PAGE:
Not necessary: because a 1-100 or 1-1000 scale in practice typically captures as much nuance along any one relationship quality line as can be conveyed to the player, so at most I’d think you’d need fixed point of about three places between 0 and 1 or -1 and 1 or whatever you’re doing there. For nuance beyond that it typically reads better to have multiple stats (how much does this person like me + how much do they trust me, e.g.).

        Not sufficient: a subtler point, but dramatically you also want the player to have warning when they’re approaching a tipping point of some kind, and for the quality of the interaction to change in that region. So in addition to these numbers, you need some additional features in your storytelling model to account for communicating stakes to the player.

        And at this point I’ve seen Chris reject a number of storytelling systems that were doing interesting things because “does it have floating point” is a litmus test for him.

  3. One time Randy Smith told me: “Well, I think your question quickly gets pretty metaphysical if you pursue it. ”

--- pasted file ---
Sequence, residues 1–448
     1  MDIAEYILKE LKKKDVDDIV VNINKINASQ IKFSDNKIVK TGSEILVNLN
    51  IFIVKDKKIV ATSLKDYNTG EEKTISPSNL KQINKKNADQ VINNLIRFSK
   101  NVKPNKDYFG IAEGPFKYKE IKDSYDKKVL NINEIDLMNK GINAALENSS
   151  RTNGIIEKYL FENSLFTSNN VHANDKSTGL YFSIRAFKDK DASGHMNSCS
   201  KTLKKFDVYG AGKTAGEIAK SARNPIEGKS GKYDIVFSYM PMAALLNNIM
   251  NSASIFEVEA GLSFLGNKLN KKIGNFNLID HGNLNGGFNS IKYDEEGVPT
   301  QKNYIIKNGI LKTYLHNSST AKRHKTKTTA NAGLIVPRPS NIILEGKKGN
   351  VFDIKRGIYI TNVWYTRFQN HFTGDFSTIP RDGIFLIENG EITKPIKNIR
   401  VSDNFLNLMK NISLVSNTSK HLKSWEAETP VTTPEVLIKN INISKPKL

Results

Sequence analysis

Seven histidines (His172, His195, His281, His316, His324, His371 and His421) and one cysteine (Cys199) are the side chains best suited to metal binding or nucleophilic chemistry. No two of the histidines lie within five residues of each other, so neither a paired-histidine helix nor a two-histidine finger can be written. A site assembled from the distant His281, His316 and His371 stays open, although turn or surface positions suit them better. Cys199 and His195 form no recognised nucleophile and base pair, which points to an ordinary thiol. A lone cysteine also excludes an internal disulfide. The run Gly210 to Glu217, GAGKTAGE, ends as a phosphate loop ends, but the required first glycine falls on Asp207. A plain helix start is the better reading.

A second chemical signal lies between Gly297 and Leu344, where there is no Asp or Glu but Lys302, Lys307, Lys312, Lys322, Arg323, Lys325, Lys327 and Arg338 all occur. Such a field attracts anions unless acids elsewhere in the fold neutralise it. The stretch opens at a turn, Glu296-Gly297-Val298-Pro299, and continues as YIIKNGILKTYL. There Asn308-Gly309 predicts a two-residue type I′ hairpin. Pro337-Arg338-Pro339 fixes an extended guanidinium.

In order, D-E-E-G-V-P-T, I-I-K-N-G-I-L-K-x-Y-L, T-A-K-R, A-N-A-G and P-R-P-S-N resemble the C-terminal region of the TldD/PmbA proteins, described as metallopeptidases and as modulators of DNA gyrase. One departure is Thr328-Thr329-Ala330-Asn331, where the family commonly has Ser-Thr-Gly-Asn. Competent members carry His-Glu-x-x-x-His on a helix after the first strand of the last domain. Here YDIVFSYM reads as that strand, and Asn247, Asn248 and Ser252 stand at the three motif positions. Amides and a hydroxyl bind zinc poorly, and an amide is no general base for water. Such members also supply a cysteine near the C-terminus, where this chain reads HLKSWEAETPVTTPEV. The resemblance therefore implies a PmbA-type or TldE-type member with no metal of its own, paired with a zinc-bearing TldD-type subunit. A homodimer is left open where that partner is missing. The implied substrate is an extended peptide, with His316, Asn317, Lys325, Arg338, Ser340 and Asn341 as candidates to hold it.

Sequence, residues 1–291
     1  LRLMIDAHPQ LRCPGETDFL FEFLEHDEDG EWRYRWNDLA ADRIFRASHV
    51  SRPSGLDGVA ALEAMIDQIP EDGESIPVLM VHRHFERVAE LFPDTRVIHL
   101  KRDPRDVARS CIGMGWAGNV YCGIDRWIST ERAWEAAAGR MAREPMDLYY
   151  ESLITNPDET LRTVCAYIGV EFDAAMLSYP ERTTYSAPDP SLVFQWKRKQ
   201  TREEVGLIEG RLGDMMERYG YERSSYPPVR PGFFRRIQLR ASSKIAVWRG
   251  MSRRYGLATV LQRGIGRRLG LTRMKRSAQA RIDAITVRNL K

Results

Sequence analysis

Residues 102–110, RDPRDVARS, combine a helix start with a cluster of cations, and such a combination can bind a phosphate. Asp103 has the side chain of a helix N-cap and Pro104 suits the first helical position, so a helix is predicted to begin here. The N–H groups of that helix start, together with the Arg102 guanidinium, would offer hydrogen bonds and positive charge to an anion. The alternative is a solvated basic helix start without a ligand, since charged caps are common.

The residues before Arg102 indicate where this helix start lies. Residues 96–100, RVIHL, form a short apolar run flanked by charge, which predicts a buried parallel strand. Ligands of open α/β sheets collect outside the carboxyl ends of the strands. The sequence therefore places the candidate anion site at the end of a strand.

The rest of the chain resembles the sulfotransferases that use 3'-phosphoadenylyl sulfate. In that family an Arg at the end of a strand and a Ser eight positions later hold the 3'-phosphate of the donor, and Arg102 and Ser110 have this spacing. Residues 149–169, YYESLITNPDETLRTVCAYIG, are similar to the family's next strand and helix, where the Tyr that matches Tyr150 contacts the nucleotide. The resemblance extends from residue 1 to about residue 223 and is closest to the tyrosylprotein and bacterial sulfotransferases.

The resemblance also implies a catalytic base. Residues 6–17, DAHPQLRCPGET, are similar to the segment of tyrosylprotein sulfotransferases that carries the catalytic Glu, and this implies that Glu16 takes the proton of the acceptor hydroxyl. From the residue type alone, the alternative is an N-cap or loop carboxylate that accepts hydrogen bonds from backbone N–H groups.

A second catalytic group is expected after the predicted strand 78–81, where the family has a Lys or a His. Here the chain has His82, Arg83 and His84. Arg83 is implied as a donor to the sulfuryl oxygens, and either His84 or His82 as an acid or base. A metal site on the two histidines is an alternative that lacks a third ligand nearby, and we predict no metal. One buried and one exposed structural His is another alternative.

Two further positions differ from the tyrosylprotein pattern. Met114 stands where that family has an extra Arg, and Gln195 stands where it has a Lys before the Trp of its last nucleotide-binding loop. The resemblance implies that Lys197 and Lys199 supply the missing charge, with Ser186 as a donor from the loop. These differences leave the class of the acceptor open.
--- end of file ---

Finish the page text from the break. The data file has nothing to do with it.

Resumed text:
That is, I think Chris has been running deeper and deeper in the metaphysical tunnel without a possible way out. In the meantime, more practical people has been advancing the medium, one tangible game at a time.

    And that fallacy could be seen just in the final section of that seminal conference of 1993.

    It just don’t matter that the world has continuing spinning and approaching the Dragon in a broad different ways, for the people inside the metaphysical tunnel it will never be enough: “That’s not true interactive storytelling!”

    Anyway, the only way to discern the value of the system is with actual examples, and yes, that was a bad marketing choice in every level. A better way could be a jam, a jam of encounters, or a contest, providing a brief intro to the world, as you suggested, like in Alabaster. Or a contest of Intros to storyworlds… That would be funny and compelling to try. Also more encounters editors for more storyworlds, shorter in scope.

    Anyway, I think the community has solved the marketing question for this kind of things long ago.

    Good luck!

  4. I have lots of respect for Chris – he’s done some of my favorite games, and I’ll always enjoy the Dragon Speech, and the ideas he espouses in it.